At what was supposedly an off-the-record dinner with various media and publishing elites, Emil Michael, an executive of the ride-ordering app Uber floated the idea of the start-up hiring a research team to the tune of one million dollars in order to dig up dirt on Sarah Lacy, a journalist who had been especially critical of the company.
In particular, Lacy wrote an article at Pando Daily on her decision to delete the app amid the misogynist culture of the start-up and the company’s apparent lack of concern for the safety of their female passengers.
Michael’s suggestion that the company could set out to smear a female journalist didn’t help the perception over Uber’s lack of concern for female customers. Amid the outcry over the suggestion to target journalists critical of the company, customers have begun deleting the app en masse, with some outlets even publishing step-by-step guides on how to fully remove account information.
Uber was left with a PR mess, and so far, attempts at damage control have been largely ineffective. Even Uber investor Ashton Kutcher made a considerable misstep when he tweeted support for finding ways to discredit the start-up’s critics.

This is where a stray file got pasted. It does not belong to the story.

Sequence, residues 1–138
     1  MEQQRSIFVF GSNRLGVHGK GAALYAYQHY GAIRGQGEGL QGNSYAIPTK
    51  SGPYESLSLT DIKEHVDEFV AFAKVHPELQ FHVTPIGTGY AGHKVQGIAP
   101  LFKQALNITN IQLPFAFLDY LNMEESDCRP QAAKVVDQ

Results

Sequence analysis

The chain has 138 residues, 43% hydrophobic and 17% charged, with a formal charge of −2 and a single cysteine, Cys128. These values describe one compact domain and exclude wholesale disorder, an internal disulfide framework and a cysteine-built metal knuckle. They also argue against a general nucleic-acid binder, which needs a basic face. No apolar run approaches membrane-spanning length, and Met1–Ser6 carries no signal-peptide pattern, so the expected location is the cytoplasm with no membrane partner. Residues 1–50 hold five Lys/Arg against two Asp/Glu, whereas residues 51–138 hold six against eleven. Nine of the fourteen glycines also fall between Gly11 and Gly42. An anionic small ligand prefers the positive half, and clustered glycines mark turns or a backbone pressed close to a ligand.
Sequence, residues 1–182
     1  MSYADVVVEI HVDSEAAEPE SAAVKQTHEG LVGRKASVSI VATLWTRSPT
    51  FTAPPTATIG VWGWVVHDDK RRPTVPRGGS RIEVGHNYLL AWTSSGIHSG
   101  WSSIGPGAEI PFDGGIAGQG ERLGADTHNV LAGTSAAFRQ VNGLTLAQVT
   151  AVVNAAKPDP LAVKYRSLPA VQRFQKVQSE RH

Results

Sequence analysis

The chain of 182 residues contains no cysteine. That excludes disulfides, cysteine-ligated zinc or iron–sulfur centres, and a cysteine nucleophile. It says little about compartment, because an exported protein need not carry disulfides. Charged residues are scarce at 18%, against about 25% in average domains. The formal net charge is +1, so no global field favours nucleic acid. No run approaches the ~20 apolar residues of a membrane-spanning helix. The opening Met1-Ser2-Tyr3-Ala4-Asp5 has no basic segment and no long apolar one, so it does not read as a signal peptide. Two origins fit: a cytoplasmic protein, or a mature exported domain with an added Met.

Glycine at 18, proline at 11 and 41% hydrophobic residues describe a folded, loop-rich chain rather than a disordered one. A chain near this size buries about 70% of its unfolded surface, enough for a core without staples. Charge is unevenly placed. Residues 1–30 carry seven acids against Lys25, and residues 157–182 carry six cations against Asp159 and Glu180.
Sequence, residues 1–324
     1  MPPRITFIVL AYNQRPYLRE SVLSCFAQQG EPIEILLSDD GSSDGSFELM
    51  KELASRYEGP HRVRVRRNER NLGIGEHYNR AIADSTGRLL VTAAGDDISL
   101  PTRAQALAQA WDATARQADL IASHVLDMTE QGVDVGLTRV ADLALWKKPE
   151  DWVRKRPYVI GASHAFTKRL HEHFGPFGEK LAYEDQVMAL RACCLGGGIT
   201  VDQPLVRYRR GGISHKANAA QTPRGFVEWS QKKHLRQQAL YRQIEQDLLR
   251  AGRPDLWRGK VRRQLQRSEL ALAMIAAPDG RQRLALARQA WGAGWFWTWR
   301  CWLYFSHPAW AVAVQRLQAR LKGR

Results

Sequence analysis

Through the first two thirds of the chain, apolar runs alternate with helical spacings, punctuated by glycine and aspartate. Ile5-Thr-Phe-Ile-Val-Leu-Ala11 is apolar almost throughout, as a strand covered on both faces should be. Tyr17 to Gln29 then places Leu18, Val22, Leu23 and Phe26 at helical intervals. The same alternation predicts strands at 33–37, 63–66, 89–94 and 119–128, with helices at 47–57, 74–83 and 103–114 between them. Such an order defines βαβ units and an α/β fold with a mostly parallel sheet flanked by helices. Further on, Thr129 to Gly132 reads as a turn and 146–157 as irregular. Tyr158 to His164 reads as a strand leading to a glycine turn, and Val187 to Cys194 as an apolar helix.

In the meantime, amid threats to her safety, Lacy has hired a bodyguard to protect her and her family.
Despite what seems to be a clear disregard for the safety and boundaries of women, the company isn’t without its defenders. However, not all of the defenders seem to be forthcoming about their ties to the company and its founders.
Take for example, Lane Wood, who published a Medium essay titled “Here ego again” where he accused Lacy of “enjoying this newfound attention” and posted what appears to be a misleading shot of her smiling during a televised interview. In the midst of painting Lacy as a craven opportunist painting herself as a victim in order to advance her own profile, , Wood fails to mention his own ties to the company.
As Pando Daily writer Paul Carr points out, Wood was closely acquainted with the top brass at Uber for several years and even refers to Ryan Graves — the head of head of global operations for Uber — as a "bro" in multiple chummy Twitter exchanges. Wood was also working at Sherpa Ventures at the time the firm invested in Uber.
Wood eventually amended his essay with an update admitting that he’s acquainted with Uber executives, but the fact that he didn’t disclose that right off the bat seems suspect.
If anything, this does not bode well for what anyone within Uber or closely associated with the company will do to protect its interests. Given the fact that earlier this year, The New York Times reported that the company raised 1.2 billion dollars from investors and is being valued as high as 17 billion dollars, there’s obviously a lot of money at stake if Uber suffers irreparable damage to its reputation.
However, since the company has already demonstrated a considerable lack of ethics when it comes to protecting its interests, could anyone be surprised if more dubious practices came to light? (Pando Daily)